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Cogn Behav Neurol. 2013 Jun;26(2):73-7. doi: 10.1097/WNN.0b013e31829cff11.

Guilty by suspicion? Criminal behavior in frontotemporal lobar degeneration.

Author information

  • 1Department of Psychiatry, Technische Universit√§t M√ľnchen, Munich, Germany. janine.schmid@lrz.tum.de

Abstract

OBJECTIVE:

Our aim was to compare the frequency of criminal conduct in patients with behavioral variant frontotemporal dementia (bvFTD), semantic dementia (SD), and Alzheimer disease.

BACKGROUND:

A few small-scale studies of antisocial and criminal behavior in patients with frontotemporal lobar degeneration have focused on the clinical subtype bvFTD. It is not yet known whether antisocial behavior affects patients with other clinical subtypes of frontotemporal lobar degeneration, like SD, and patients with other dementing disorders, like Alzheimer disease.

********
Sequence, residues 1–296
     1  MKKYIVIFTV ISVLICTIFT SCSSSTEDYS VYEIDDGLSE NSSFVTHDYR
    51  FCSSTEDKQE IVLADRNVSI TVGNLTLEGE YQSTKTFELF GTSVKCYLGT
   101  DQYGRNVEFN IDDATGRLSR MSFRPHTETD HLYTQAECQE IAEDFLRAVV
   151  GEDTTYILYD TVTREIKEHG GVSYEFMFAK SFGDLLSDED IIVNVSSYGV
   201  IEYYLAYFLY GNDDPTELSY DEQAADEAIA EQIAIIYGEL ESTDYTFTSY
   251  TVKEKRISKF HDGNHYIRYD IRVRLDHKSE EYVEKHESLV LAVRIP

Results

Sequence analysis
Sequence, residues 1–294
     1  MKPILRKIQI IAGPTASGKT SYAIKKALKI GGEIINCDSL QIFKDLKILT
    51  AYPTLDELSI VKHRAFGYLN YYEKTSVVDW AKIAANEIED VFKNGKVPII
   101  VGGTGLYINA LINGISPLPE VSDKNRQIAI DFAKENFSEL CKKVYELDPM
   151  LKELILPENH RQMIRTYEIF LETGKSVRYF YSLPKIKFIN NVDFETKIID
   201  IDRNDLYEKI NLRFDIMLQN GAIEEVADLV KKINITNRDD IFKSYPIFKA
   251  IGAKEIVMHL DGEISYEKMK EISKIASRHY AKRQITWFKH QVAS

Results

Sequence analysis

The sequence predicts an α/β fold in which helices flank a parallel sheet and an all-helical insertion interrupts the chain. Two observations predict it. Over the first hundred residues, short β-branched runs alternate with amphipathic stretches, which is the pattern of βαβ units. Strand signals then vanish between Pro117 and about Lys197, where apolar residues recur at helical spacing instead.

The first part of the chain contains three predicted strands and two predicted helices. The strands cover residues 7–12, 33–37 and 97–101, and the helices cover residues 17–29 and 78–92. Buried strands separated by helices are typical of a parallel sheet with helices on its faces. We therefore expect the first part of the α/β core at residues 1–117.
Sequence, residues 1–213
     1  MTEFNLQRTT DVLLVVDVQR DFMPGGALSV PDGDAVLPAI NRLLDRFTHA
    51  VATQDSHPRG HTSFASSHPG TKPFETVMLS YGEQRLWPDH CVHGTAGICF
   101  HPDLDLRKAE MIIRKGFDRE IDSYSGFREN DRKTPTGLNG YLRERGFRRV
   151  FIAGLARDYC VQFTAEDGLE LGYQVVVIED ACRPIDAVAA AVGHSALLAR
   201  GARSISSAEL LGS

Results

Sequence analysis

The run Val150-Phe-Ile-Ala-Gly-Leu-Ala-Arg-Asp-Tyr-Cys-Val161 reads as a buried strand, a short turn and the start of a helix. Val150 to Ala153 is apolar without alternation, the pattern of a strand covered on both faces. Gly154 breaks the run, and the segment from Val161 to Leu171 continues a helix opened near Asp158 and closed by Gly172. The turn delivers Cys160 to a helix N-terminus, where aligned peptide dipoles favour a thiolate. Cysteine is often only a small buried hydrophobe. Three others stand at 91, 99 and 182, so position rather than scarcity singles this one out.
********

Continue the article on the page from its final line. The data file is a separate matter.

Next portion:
METHODS:

We used a standardized caregiver interview to assess criminal behavior in 83 outpatients: 32 with bvFTD, 18 with SD, and 33 with Alzheimer disease.

RESULTS:

We found criminal behavior (theft, willful damage to property, housebreaking, assault, or indecent behavior) in 54% of the patients with bvFTD and 56% of those with SD, but only 12% of those with Alzheimer disease.

CONCLUSIONS:

Just over half of our patients with bvFTD or SD had committed crimes. When middle-aged or older patients commit minor crimes, frontotemporal lobar degeneration should be considered as a possible cause. If an affected person faces criminal charges, the court might take incapability or diminished responsibility into account in reaching a verdict.

PMID:
23812170
[PubMed - indexed for MEDLINE]
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